Council seeks feedback on Capital Improvements Plan


The Ames City Council, in the fourth Steering Committee meeting, discussed the components of the Ames Climate Action Plan.

The Ames City Council is set to hear public feedback on their draft of the Capital Improvements Plan Tuesday evening.

As previously reported by the Daily, the $309 million plan aims to bring improvements and changes to utilities, transportation, culture and recreation, community development and public safety. The meeting will be held at 6 p.m. in the council chambers of City Hall.

Some of the improvements proposed in the plan include: a 5 million-gallon water reservoir, CyRide route pavement improvements, replacing a front-line fire truck engine and general city hall repairs.

Susan Gwiasda, the city’s public information officer, said the council is looking for a diverse amount of feedback from the public.

“We had a previous meeting where departments went through those capital improvements, presented them to council, received questions from the council, answered those questions– this is an opportunity for the public to provide their feedback,” Gwiasda said.

The council is also set to vote on the Home American Rescue Program Allocation Plan’s proposed estimated budget, populations and activities. The plan utilizes roughly $1.26 million made available by the American Rescue Plan Act to address homeless assistance needs by diversifying housing options, according to city documents.

City documents describe individuals or families who would qualify for program funds as: homeless; at risk of homelessness; fleeing or attempting to flee domestic violence, dating violence, sexual assault, stalking or human trafficking and those with the greatest risk of housing instability where providing assistance would prevent homelessness.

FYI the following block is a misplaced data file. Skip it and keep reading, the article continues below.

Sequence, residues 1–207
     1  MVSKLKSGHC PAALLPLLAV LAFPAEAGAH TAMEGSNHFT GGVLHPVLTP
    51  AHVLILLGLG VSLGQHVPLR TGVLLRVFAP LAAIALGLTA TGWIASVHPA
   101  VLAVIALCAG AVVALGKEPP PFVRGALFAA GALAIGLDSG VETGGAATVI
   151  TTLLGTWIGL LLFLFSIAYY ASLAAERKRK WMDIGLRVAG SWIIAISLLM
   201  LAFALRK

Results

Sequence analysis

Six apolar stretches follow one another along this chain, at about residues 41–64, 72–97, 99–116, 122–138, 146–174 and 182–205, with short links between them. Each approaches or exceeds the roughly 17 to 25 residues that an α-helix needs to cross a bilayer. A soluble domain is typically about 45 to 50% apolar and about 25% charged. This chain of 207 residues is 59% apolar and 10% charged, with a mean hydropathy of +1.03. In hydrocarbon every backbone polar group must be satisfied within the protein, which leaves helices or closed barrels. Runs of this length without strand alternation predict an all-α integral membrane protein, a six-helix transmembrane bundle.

City documents continue to detail the four-eligible activities the funds can be used for. They include:

  • The production of affordable rental housing.
  • Tenant-based rental assistance.
  • Supportive services including homeless prevention services and housing counseling services.
  • The purchase or development of non-congregate shelters for individuals and families experiencing homelessness.

Ioway Creek shared path

In their consent agenda, the council is set to vote on a shared use path system expansion along Ioway Creek from S. 5th Street to 0.5 miles east of S. Duff Avenue. Gwiasda said the city had cleared trees along the area where the path is set to be as part of flood mitigation efforts.

“A path along there is not something that’s going to get damaged– it gets submerged,” Gwiasda said. “But when the trees were all in that area, it tended to funnel the water, and the water ended up– during times of high water– …much less controllable and manageable.”

According to city documents, the revenues for the project add up to roughly $1.24 million, and the expenses add up to roughly $1.21 million.